The important thing is that the business is still viable. Business is a process and it is important to try new things because this is how we learn. If a new plan succeeds, great. The business moves to the next level, ready for the next push.
If a new plan doesn’t succeed, it shouldn’t matter, it is just part of the ups and downs of business.
Remember Google Answers, Google Reader, iGoogle? All gone.
In the past 10 years, Google has closed or reintegrated over 100 different services

In business, we are always learning. It’s important to get something out of everything you do – even if it isn’t what you were hoping.
Don’t ignore the signs
In September 1989, BSA Marketing was going through a tough patch. Income wasn’t covering overheads and something needed to be done. That ‘something’  included redundancies but it was my job to make them and I tried to ignore it. I hung on for 3 months until I had to face up to things. I still had to make the redundancies and my procrastination cost me £30000 – over £50k in today’s money.
I’m glad to say we survived the experience, but I have never forgotten it.
I take my hat off to our service partner. They made a plan, implemented it, then took action when they saw things going off-track.
Have a written plan
Having your plan written down crystalizes your objectives. If you specify your expectations and what it is you are going to measure to control your plan, it is easier to avoid ‘specfication creep‘ where the plan adapts itself to fit the outcomes you achieve. If uncontrolled, this can be dangerous.
It doesn’t actually matter if you don’t match your targets. It does mean things aren’t going as planned and it is an opportunity to review your plan in the light of real experience. It could be that things are going better than expected though this can create it’s own problems! The important thing is that you learn and get better at what you do.
Stay realistic
The reality is that most plans don’t work out as expected (some work out better!) so if you over-commit resources and don’t see the anticipated results, you can find yourself digging a financial hole. Planned holes are fine – arguably they are at the heart of entrepreneurship and business – but be careful not to let a hole get too deep. It will be difficult to fill in! In both of my real-world examples above, we lost money, we dug a hole. In both cases the hole was manageable and that’s the important thing.
And remember, the opposite of digging a hole is making a pile. Even if you are only making a small pile, it’s still a pile.

…and you are in business, ready for the next step – whatever it is.

Wednesday, 27 July 2016

Member Blog: How Cultured Are You?

By Tom Short, Social Media Executive at Connections Recruitment

It’s easy to get bogged down in business jargon – empty buzzwords like ‘Corporate Competency’ and ‘Synergy’ are constantly being created. They’re also likely to turn off employees. In a survey conducted last year by Animal charity SPANA, 7/10 office workers indicated that they will simply switch off if a more senior colleague starts using them. There is one phrase which is worth paying attention to however.

Company Culture has been a favourite topic in the industry for some time now. Unsurprisingly, it’s a little hard to define. This is sort of the point: company culture may be defined in a mission statement, but it evolves organically, being as much a result of shared values among employees, and the unpredictable decisions that can arise from them.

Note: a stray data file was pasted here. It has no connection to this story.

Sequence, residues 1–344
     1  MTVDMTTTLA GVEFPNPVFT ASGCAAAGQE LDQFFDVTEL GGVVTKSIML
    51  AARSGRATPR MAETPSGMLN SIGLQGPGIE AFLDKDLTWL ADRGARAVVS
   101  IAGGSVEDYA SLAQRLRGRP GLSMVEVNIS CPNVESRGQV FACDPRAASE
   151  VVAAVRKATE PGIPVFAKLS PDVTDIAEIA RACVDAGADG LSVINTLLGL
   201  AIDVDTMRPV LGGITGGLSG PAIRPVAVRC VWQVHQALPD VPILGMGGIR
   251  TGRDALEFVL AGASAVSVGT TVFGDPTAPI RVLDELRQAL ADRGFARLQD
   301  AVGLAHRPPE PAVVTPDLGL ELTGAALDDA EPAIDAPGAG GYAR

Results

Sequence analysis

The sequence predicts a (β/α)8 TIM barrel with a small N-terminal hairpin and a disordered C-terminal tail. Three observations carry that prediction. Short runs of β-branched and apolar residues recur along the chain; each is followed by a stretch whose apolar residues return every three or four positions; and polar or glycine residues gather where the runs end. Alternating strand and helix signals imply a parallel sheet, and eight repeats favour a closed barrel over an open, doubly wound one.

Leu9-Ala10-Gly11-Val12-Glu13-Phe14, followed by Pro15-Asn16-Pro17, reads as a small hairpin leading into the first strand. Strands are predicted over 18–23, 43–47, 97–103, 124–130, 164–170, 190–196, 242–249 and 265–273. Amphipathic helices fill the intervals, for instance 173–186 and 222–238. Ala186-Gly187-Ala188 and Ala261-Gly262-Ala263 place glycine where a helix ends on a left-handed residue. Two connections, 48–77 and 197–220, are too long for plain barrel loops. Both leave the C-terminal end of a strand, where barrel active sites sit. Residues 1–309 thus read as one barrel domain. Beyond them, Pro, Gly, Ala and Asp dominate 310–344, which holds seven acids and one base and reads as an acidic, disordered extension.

For Linsday McGregor and Neel Doshi at Harvard Business Review, it’s ultimately about motivation. Creating cultures formed around play, purpose and potential, rather than emotional pressure, economic pressure and inertia (purposeless working) has been identified as one of the keys to the success of modern giants like Twitter and Facebook.

Much of company culture could be summed up as identity. Having a vision or an unofficial motto gives employees an overall purpose for their work (Airbnb’s ‘Belong Anywhere’ is a brilliant, concise example). Narrative could be considered as an elaboration of this, often describing a journey (starting in a garage, offering the world affordable furniture) which creates an emotional connection with a company for staff and customers.

Rather than advocating a top-down message however, McGregor and Doshi recommend cultures based on transparency. Giving employees the opportunity to observe evidence of their work is essential to motivation, as are models of working which encourage collaboration. Innovators in this field include Salesforce, whose employees share ideas and analyse data in real time via an app called Chatter, avoiding the office cubicle-mentality which email can encourage. This relates to the idea of play in job design. Giving employees the opportunity to be creative with their time has well-documented benefits. Gmail and Google News both famously resulted from a policy of 20% time, in which engineers could spend a fifth of the working week on personal projects.

I’m aware that most of my examples have been from headline-grabbing tech companies. What about businesses in other industries? I’m not a Harvard Business researcher so I may not have the best data, but I can offer my own experience at Connections Recruitment. Having joined the agency recently, I’ve been impressed with the company narrative, built around its very real origins as a thirty-year old, family-owned business with a great deal of personality and respect for its employees and clients. I’ve been offered plenty of freedom in my role as social media executive to explore new ways of representing the company, and been listened to in meetings with the Director. These are all reasons why I’m still here. It’s easy to disregard the working practices of billion-dollar companies, but these cultural ideas are universal, and they work.